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In contrast to the Sudanian region, there was no significant difference in fruit production per tree (ancova, P = 0·334; Fig. 1a) between high and low harvest populations in the wetter Sudano–Guinean region. There was also no significant difference in minimum fruiting diameter between populations subject to the two harvesting intensities (Fig. 2a). However, a significantly smaller proportion of trees produced fruits in high harvest than low harvest populations (Kruskal–Wallis, P = 0·046; Fig. 2b). Trees in high harvest populations produced significantly more seeds per fruit than trees in low harvest populations (ancova, P = 0·019; Fig. 1b), but these seeds had lower mass than those produced in low harvest populations (ancova, P = 0·031; Fig. 1c).
Both the ancova to test for differences in reproductive output between regions while controlling for differences in d.b.h., pruning intensity and debarking intensity and the multiple regression analysis illustrated that pruning had a significant impact on fruit production in the Sudanian region but not in the Sudano–Guinean region (region × pruning, P = 0·0157; Fig. 1a, Tables 3 and 4). The increase in fruit production per tree with increasing d.b.h. was greater in the Sudanian region than in the Sudano–Guinean region (region × d.b.h., P = 0·0017), since trees in the Sudano–Guinean region began producing fruit at a significantly smaller size than trees in the Sudanian region (Fig. 2a). In addition, pruning caused a greater decrease in fruit production in larger trees than it did in smaller trees (pruning × d.b.h., P = 0·0191). The interaction between pruning intensity and debarking intensity was not significant (P = 0·4295).
Table 3. Analysis of covariance to test the effects of ecological region on Khaya senegalensis reproductive output with diameter at breast height (d.b.h.), tree pruning (percentage of tree crown pruned) and debarking (percentage of trunk bark removed) intensities as covariates; d.f.: degree of freedom; Asterisks represent the significance level for each term of the model: *P = 0·05; **P = 0·01; ***P = 0·001
|Source of variation||d.f.||Log10(fruit)||Seeds/fruit||Seed mass|
|d.b.h.|| 1||27·4231||0·0000012***||0.1874||0·66628|| 2·4051||0·1248907|
|Pruning|| 1||14·5489||0·0002675***||0·3173||0·57481|| 2·0464||0·1564610|
|Debarking|| 1|| 0·0486||0·8260016||0·9425||0·33456|| 0·9957||0·3213618|
|Region × d.b.h.|| 1||10·5452||0·0017032**||0·0122||0·91223|| 1·0807||0·3016786|
|Region × pruning|| 1|| 6·0858||0·0157634*||2·9647||0·08896||12·3873||0·0007164***|
|Dbh × pruning|| 1|| 5·7125||0·0191961*||0·5479||0·46133|| 0·0044||0·9472546|
|Region × debarking|| 1|| 0·3782||0·5403064||0·0004||0·98351|| 0·0499||0·8238086|
|Dbh × debarking|| 1|| 0·1613||0·6890526||1·2091||0·27481|| 2·2205||0·1401209|
|Pruning × debarking|| 1|| 0·6305||0·4295368||0·7238||0·39744|| 0·0726||0·7882350|
|Region × d.b.h. × pruning|| 1|| 0·1102||0·7407509||2·2160||0·14052|| 2·3146||0·1321039|
|Region × d.b.h. × debarking|| 1|| 0·2550||0·6149798||0·1640||0·68657|| 0·6664||0·4167398|
|d.b.h. × pruning × debarking|| 1|| 1·0348||0·3121046||0·1007||0·75182|| || |
|Residuals||80|| || || || || || |
Table 4. Linear regression model for Khaya senegalensis fruit production between two ecological regions. The independent variables are pruning intensity, debarking intensity, tree d.b.h., ecological region (used as indicator variable: region = 1 if Sudanian, otherwise, region = 0). The model tested was: log10(fruits/tree) = β0 + β1(pruning) + β2(debarking) + β3(d.b.h.) + β4(region) + β5(region × pruning) + ɛ; adj. R2: adjusted R2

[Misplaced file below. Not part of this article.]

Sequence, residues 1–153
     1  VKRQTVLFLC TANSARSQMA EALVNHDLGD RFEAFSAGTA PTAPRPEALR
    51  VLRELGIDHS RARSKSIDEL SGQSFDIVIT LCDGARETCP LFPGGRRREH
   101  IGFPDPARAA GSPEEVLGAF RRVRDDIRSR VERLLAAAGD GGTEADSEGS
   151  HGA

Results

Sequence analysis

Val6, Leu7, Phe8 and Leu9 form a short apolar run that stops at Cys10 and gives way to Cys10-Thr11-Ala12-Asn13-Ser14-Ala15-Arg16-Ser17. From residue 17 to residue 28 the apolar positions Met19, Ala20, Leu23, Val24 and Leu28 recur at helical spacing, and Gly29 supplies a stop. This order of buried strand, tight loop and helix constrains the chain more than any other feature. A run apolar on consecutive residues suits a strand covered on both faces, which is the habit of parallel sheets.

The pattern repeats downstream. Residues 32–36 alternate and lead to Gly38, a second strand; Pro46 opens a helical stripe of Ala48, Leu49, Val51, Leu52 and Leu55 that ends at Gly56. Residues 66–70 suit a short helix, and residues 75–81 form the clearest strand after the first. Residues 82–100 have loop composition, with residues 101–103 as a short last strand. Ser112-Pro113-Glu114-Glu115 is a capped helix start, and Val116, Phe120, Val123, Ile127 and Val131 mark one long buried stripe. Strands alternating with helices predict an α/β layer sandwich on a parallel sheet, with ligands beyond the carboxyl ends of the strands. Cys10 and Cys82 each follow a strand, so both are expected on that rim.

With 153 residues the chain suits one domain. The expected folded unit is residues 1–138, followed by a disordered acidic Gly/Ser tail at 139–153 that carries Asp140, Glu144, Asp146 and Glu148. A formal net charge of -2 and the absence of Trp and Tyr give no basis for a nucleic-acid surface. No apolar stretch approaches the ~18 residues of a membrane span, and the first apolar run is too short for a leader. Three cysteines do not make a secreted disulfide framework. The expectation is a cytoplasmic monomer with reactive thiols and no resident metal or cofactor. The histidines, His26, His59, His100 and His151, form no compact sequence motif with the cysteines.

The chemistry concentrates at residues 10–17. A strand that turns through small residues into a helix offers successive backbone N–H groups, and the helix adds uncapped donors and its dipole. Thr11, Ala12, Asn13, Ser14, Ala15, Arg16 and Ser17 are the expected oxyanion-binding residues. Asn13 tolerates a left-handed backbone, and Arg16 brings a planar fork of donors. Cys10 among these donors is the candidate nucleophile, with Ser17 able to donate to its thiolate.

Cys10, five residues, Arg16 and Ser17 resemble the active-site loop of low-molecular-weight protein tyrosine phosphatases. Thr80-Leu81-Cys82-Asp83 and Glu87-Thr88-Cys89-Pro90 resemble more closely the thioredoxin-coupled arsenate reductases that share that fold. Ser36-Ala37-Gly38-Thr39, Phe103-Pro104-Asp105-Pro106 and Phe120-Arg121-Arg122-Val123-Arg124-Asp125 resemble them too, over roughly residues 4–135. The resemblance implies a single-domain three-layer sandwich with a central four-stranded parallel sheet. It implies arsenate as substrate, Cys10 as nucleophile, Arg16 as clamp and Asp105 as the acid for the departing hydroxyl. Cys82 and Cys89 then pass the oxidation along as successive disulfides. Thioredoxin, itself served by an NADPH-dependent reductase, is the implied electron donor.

|Sudanian: log10(fruits/tree) = 4·749 + 0·218 (d.b.h.) – 0·0178 (pruning)||0·367||< 0·0001|
|Sudano–Guinean: log10(fruits/tree) = 2·399 + 0·218 (d.b.h.).|| || |
Seed mass was significantly lower in the Sudanian region than in the Sudano–Guinean region (P = 0·000284). However, the pruning × region interaction was significant (P = 0·0012), as pruning increased seed mass in the Sudanian region but decreased it in the Sudano–Guinean region (Fig. 1b). There were no significant differences between regions in the number of seeds per fruit or any significant interactions between pruning or debarking intensity and region for this variable.
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- Materials and methods
K. senegalensis foliage and bark are harvested heavily by indigenous and local peoples across the Sudanian and Sudano–Guinean regions of Benin. Our results illustrate that harvest of foliage can have significant impacts on K. senegalensis reproductive performance, but that responses to harvest vary significantly between the two ecological regions.
In contrast, there were no significant effects of harvest on fruit production observed in the Sudano–Guinean region. Even when differences between regions in d.b.h., pruning and debarking intensity were controlled for (covariates) in the ancova, pruning still had a significantly greater effect on fruit production in the Sudanian region than in the Sudano–Guinean region. This suggests that the differential effect of pruning between the regions is explained at least in part by ecological differences. The longer dry season and higher rates of evapotranspiration in the Sudanian region make it a much more stressful environment for plants than the Sudano–Guinean region during the dry season. The added stress of high rates of foliage removal, which takes place specifically during the dry season, may therefore be expected to have a greater impact on trees in the Sudanian region than in the Sudano–Guinean region. The more stressful conditions of the Sudanian region may also explain why trees in this region begin to fruit at a significantly larger size than those in the Sudano–Guinean region. Other research has demonstrated that a plant's ability to compensate loss can depend on the resources available to it for recuperation (Obeso 1993), and that allocation of plant resources to reproduction may decrease under stressful conditions (Bazzaz et al. 1987; Primack 1987; He, Wolfe-Bellin & Bazzaz 2005).